JBM: After the events of the "Friendface" episode, why is Jen still being portrayed as being completely computer illiterate? While she may not be the tech whizzes that Moss and Roy are, she still shows enough savvy to navigate web sites successfully and can operate her computer largely unassisted.
This is pretty consistent with the rest of the series. Everyone else at Reynholm Industries is just as un-savvy with computers as Jen is, but they can still use what they need to. See the episode where they're all convinced the internet is a little black box with a blinking red light, or the pilot with the infamous "Are you absolutely sure it's plugged in?" exchange. They can all use office programs, email and the internet, they just have no idea about any other aspects of computing. Which is an exaggeration, but something I've found to be fairly accurate in the real world.
Very true. There are people who operate Facebook and use email and all of that jazz on a daily basis, but to whom even the most basic workings of a computer might as well be witchcraft. Anyone who hasn't met one should take a walk down their local shopping avenue and start asking people over 50 what a browser is.
This is Truth in Television; I do tech support for a living, and had a VP call to ask how to turn her computer on. She had a secretary that had always turned it on for her and opened emails and such before she came in, and she was on vacation, so the VP was completely helpless. And it's not just people over 50... 90% of the time, I ask what browser someone is using and get 'Google', 'Yahoo', 'Windows', etc.
Exactly - this is a pretty dumb complaint about the show. What's so unrealistic about someone being a facebook addict and yet being mostly computer illiterate? EVERYONE is on facebook nowadays, and that doesn't mean just about everyone is a computer expert.
Isn't this where the PEBKAC Problems originated from? (I'm actually surprised they haven't mentioned this on the show :D)
Might help to imagine that you're seeing the rest of the staff through Roy's eyes - maybe they're not actually quite that bad, but they seem like it to him. (Incidentally, is it just me who likes to wonder, when people sneer about computer illiteracy, how well those people understand the inner workings of their cars or washing machines?)
You don't need to understand the 'inner workings' of how to use a computer... Most people who successfully drive cars don't know how to do anything more than change their oil, if that. But when you take your broken car to the mechanic, do you stand in the garage and tell them they're fixing it wrong and last time (which is completely different from what it's doing this time) they just changed the oil to fix it, and your friend who knows cars says that the reason the engine caught on fire was that the license plate was on upside down?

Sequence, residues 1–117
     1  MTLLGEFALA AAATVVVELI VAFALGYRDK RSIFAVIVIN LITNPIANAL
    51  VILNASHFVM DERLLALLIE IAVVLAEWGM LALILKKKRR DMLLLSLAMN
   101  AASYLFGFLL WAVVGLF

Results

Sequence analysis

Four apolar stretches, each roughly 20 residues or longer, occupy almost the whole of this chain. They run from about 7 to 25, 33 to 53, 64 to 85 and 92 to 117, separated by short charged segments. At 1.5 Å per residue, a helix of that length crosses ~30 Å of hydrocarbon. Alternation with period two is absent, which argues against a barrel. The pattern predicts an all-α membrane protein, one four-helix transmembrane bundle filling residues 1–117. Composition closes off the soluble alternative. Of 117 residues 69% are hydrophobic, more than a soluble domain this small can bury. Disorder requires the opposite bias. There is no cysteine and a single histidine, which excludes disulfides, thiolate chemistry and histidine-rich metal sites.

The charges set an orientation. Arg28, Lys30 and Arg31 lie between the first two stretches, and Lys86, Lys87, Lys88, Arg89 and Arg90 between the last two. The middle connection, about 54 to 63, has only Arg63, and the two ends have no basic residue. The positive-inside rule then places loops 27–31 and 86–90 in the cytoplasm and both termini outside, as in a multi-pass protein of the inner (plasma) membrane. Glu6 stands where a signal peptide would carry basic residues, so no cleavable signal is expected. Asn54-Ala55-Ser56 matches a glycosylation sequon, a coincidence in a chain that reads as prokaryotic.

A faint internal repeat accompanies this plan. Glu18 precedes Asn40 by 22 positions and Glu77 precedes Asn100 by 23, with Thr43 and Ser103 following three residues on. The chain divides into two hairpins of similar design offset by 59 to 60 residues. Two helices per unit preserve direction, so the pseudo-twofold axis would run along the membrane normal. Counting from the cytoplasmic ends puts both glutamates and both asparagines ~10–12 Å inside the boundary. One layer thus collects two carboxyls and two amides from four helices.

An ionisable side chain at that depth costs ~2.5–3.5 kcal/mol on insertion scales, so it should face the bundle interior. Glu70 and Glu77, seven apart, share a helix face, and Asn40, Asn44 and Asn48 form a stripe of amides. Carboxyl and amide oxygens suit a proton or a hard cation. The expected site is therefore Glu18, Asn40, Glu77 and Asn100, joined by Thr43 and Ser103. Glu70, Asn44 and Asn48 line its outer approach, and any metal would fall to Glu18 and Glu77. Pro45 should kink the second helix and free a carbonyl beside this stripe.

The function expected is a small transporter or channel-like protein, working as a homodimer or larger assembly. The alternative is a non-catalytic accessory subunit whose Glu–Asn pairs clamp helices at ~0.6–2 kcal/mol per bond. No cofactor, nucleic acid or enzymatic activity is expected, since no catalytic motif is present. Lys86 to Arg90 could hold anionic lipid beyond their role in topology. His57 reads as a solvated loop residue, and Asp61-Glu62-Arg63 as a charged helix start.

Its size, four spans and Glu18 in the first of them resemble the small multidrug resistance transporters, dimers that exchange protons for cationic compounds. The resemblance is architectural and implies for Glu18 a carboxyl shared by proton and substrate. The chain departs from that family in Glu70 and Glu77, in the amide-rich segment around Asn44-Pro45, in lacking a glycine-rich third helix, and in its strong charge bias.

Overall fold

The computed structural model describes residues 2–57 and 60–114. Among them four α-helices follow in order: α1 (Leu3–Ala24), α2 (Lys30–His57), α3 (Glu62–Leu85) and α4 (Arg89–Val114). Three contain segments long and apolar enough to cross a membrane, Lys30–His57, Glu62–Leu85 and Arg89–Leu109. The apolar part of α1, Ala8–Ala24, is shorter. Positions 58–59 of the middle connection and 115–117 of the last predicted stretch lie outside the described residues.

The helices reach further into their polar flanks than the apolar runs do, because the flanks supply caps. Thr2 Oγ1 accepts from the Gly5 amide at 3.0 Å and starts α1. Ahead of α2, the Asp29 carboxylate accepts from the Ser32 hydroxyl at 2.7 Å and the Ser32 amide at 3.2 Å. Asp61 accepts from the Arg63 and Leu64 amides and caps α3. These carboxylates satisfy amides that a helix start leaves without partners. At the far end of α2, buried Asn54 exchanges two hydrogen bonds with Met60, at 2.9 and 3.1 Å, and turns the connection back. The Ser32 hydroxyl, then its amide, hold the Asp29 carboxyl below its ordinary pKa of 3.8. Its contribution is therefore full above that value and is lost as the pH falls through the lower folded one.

Users pretending to know more than they do is one thing, but you hear a lot of snobbery (there's a bit of it on this very page) along the lines of "how dare these people use computers without understanding how they work?". And the answer is that, like cars and washing machines, they see them as complicated machines which you take to a professional if they stop working.
It's a real-life phenomenon; plenty of people know how to switch a computer on and do the basics of what they need to (check email, go on the internet, etc.) but are completely lost otherwise. It's exaggerated for comic effect, of course, but considering this is a comedy show that's hardly an unforgivable sin.
What do you mean "exaggerated"? Some of that can be very much Truth in Television. There's this friend of my father's whose tech-support slave I am, who can perfectly use his computer for the stuff he's used to (Facebook, MSN, chat-rooms), but is completely at a loss and he always calls me when there's anything at all that he could solve by simply looking stuff up on Google. An especially blatant example was when he once called me over because he forgot where the bookmarks menu was on IE 8. Now you know how things are.
Maybe, but unless you literally know, say, tech geeks who have started rioting due to sympathy period pains spread over a meme invented to make fun of someone, then yes, I think 'exaggerated' is still a fair word to use. And that's just one example.
In the episode 'The Work Outing', why does Roy board the bus from the right side, and why does the driver sit on the left side? This is a British bus, used on British roads, so shouldn't the driver be on the right and the passengers board from the left?
It's not really an everyday bus but a specially-converted minibus for disabled passengers, so it might be a different configuration.
I still don't see why even a converted bus wouldn't have the door on the left side though - that way it could pull up right to the sidewalk and not be opposing the adjacent lanes of traffic.
Perhaps because the market for disability buses is relatively small, meaning that it may not be worthwhile for a company to buy the molds and machinery required to produce a different version for each side of the road.
He actually boards it through the back (where the wheelchair lift is), and the driver is sitting on the right. He looks over his left shoulder as he speaks to the passengers, and as the bus drives away, you can see the front door being on the left.
In the episode that had the fire, why didn't Moss quickly look up the emergency number instead of sending an email?